Once the state legislature decertified every form of balloting other than optical scanning and touch screens, LePore's decision to go with the latter was easy. "Voters can make a mistake more easily with the optical scan than the touch screen," she says. She selected her machines and then began the real work: educating voters.
Her point man in that mission is Ingram, a former legislative assistant who took the job in February and has hurled himself into it with gusto. Seven days a week, he, LePore, or both of them make multiple presentations with the machines before groups of all sizes, shapes, and descriptions. Ingram says that, though some people approach the screen with trepidation, the response to it has been overwhelmingly positive. "If I've changed one person's thinking, then we've changed the whole picture," he declares.
Still, the skeptics are out there. "I was at a group in West Delray, a very senior group -- the ones in their 70s were youngsters," LePore relates. "One woman was sitting up front saying, 'This is crap, it's not going to work, people aren't going to be able to figure it out.'" Then LePore invited the woman to try out the machine: "She had this scowl on her face, and then as she does it, she slowly starts to get a big smile on her face, and she says, 'It's so easy! It's just like playing video poker!'"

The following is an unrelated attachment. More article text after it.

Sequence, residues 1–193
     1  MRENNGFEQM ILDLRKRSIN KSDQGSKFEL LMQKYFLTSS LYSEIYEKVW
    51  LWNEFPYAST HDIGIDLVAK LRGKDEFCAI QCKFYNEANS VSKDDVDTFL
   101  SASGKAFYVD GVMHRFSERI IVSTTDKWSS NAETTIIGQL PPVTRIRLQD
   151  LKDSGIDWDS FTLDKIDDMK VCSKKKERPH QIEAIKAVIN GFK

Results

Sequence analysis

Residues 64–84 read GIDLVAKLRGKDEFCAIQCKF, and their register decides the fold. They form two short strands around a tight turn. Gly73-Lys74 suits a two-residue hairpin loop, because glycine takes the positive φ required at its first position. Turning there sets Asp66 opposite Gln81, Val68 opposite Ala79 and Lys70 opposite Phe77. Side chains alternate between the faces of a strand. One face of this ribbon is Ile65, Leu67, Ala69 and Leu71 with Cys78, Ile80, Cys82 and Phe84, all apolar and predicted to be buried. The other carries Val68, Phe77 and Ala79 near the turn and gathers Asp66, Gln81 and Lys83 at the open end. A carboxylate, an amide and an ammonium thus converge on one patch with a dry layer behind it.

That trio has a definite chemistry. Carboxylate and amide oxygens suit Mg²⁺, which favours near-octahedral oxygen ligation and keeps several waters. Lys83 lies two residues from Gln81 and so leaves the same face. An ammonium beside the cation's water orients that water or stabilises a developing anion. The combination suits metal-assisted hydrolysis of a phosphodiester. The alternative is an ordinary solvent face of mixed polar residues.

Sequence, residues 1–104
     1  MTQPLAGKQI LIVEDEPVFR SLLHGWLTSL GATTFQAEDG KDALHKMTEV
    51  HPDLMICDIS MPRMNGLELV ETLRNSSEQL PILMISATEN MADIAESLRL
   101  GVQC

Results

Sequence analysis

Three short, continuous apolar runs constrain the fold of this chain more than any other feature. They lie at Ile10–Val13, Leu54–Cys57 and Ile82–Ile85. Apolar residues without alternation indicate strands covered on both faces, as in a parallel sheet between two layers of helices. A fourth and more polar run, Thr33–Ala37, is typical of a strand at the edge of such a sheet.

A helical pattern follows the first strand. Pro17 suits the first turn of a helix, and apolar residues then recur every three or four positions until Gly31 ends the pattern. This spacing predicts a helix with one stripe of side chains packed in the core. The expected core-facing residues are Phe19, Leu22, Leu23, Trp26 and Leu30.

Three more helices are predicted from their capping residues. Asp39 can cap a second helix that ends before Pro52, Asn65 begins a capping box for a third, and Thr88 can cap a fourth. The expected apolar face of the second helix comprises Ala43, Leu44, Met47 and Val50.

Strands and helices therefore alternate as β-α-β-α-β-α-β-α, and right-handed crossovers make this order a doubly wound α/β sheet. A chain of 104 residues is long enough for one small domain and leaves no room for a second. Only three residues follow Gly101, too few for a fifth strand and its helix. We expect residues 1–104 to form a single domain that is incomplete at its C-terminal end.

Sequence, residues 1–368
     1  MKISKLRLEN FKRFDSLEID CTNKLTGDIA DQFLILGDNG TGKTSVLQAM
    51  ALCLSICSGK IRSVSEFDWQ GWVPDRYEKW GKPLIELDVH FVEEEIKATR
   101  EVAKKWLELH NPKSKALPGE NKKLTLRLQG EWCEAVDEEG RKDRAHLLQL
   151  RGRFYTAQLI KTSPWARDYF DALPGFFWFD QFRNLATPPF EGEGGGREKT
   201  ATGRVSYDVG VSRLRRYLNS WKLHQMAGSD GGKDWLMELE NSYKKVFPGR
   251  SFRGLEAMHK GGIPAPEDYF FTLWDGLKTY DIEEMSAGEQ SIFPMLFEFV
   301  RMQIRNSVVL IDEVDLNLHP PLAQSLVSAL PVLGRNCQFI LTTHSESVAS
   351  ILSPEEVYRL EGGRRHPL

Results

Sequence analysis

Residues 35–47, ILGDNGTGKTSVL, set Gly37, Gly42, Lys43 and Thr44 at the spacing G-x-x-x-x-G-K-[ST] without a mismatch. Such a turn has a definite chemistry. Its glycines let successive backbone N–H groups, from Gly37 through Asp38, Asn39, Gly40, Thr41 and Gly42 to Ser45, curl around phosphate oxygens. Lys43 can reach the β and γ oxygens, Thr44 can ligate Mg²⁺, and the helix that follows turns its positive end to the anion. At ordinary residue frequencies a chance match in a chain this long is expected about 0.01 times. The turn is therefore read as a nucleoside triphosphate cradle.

Early use of the machines has spawned two lawsuits, which is hardly surprising: Given what happened in 2000, LePore should expect every losing candidate with a lawyer in the Rolodex to sue during the system's shakedown period. But Ingram stresses that the touch screens are already superior to punch cards; the results will improve as people become more comfortable with them. He adds that his boss is just the person to speed the process. "She lives for this job," he states. "She has all the qualities of a true leader."